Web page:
Successful Evaluation of NOAA's Volcanic Ash Coordination Tool
On May 25, 2005, in collaboration with operational facilities in Alaska, the NOAA Forecast Systems Laboratory (FSL) participated in a formal evaluation of the Volcanic Ash Coordination Tool (VACT). This new technology provides a baseline set of meteorological displays, forecaster productivity tools, and graphical and text collaboration capabilities to facilitate timely and coordinated responses to aviation hazards posed by volcanic eruptions.
In order to test how well the VACT workstation meets its intended purposes, a scenario was developed to simulate a potentially "real" volcanic eruption in the North Pacific. The FSL development team has worked closely with the National Weather Service (NWS) Alaska Region operational staff and the NWS Volcanic Ash Program Manager to ensure that VACT meets the requirements for shared situational awareness and collaborative decision-making capabilities. The test last week showed that application of this new technology will lead to improved product timeliness and consistency, as required by the Alaska Interagency Operating Plan for Volcanic Ash Episodes. The successful VACT test was performed simultaneously at three operational locations: the Alaska Aviation Weather Unit (AAWU), Alaska Volcano Observatory (supported by the U.S. Geological Survey and State of Alaska), and the Anchorage Center Weather Service Unit.
During the May 25 test, the participants used the VACT to perform their respective operational duties in a hypothetical volcanic ash episode. The volcanic ash scenario allowed users to become more proficient with VACT capabilities, and to develop and practice collaboration strategies and methodologies which may prove to be useful to operations. The development team also gathered feedback on new, modified, and/or unmet VACT requirements. The test demonstrated immediate benefits to operations by providing improved meteorological displays and communication tools, thereby enhancing the coordination among the three agencies responsible for volcanic ash hazard information dissemination in Alaska. It was agreed that the VACT provides capabilities which, when implemented operationally, will contribute to more timely and consistent volcanic ash advisories, ultimately improving aviation safety and efficiency.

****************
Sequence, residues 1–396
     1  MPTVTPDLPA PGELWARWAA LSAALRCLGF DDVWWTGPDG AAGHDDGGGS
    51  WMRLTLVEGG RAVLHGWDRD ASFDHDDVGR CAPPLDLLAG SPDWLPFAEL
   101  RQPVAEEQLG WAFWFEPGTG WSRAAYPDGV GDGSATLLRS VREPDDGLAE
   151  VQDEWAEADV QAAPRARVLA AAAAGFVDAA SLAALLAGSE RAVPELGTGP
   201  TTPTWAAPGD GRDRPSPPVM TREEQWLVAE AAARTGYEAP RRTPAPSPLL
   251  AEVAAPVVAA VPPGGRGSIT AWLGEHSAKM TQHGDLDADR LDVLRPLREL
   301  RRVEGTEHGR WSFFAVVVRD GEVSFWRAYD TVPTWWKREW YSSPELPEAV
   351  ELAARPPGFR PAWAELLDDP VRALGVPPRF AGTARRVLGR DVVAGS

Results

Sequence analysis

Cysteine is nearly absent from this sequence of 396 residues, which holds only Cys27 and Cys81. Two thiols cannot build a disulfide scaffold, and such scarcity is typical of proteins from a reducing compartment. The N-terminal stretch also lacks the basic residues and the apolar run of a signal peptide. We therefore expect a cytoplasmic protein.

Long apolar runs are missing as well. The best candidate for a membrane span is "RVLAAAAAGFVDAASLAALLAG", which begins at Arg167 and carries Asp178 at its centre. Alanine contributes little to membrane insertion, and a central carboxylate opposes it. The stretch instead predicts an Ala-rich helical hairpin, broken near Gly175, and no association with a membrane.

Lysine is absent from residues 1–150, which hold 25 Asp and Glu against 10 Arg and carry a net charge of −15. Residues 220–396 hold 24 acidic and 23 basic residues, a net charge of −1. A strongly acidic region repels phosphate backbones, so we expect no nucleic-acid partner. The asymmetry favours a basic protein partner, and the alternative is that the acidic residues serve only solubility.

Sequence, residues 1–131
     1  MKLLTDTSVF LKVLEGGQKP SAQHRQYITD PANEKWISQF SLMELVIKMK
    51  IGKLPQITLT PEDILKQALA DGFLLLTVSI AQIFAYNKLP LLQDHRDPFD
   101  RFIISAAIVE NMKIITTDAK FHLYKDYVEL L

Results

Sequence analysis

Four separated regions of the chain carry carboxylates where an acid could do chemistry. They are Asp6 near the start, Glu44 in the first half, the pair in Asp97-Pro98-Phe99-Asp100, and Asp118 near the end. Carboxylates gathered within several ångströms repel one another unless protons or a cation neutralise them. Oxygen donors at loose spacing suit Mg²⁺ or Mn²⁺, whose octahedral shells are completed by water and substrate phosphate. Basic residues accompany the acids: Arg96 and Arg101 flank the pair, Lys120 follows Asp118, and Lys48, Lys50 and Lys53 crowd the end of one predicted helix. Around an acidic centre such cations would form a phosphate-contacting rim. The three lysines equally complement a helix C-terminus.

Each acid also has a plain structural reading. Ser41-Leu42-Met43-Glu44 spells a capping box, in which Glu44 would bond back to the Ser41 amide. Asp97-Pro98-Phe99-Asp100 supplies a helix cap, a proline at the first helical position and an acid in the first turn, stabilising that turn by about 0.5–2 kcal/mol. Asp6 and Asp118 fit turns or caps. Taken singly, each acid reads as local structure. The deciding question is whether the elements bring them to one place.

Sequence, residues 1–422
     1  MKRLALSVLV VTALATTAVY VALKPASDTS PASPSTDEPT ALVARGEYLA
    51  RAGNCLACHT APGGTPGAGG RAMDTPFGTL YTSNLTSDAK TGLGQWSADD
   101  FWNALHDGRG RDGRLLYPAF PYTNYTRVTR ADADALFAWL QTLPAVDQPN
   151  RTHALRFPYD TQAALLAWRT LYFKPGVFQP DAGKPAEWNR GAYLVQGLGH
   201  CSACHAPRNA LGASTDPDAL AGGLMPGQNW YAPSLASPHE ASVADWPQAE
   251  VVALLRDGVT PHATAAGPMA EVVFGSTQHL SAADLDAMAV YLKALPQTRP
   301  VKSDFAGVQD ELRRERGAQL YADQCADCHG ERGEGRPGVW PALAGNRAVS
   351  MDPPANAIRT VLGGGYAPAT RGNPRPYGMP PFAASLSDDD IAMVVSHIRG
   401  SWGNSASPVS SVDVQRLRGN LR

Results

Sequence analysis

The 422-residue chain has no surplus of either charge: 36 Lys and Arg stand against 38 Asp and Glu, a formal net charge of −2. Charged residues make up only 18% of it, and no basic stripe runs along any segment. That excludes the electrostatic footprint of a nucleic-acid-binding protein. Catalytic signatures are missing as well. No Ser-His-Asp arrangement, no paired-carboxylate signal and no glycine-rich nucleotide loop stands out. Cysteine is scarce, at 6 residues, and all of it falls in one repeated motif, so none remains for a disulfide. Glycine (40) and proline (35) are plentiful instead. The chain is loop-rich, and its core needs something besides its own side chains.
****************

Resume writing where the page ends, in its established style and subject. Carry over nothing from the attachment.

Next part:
Participants in the formal evaluation and other users are encouraged with VACT's responsiveness, dependability, and overall capability. "I am excited about the future of VACT in terms of enhanced capabilities and its use in [Volcanic Ash Advisory Centers]...operations," said Jeff Osiensky, deputy chief of the Environmental and Scientific Services Division of NWS Alaska Region Headquarters and manager of the NWS Volcanic Ash Program.
For more information and graphics illustrating how the VACT workstation will enable NOAA, FAA, and USGS to collaborate in the preparation of ash advisories, visit the VACT project Web site.
Name: Dennis M Rodgers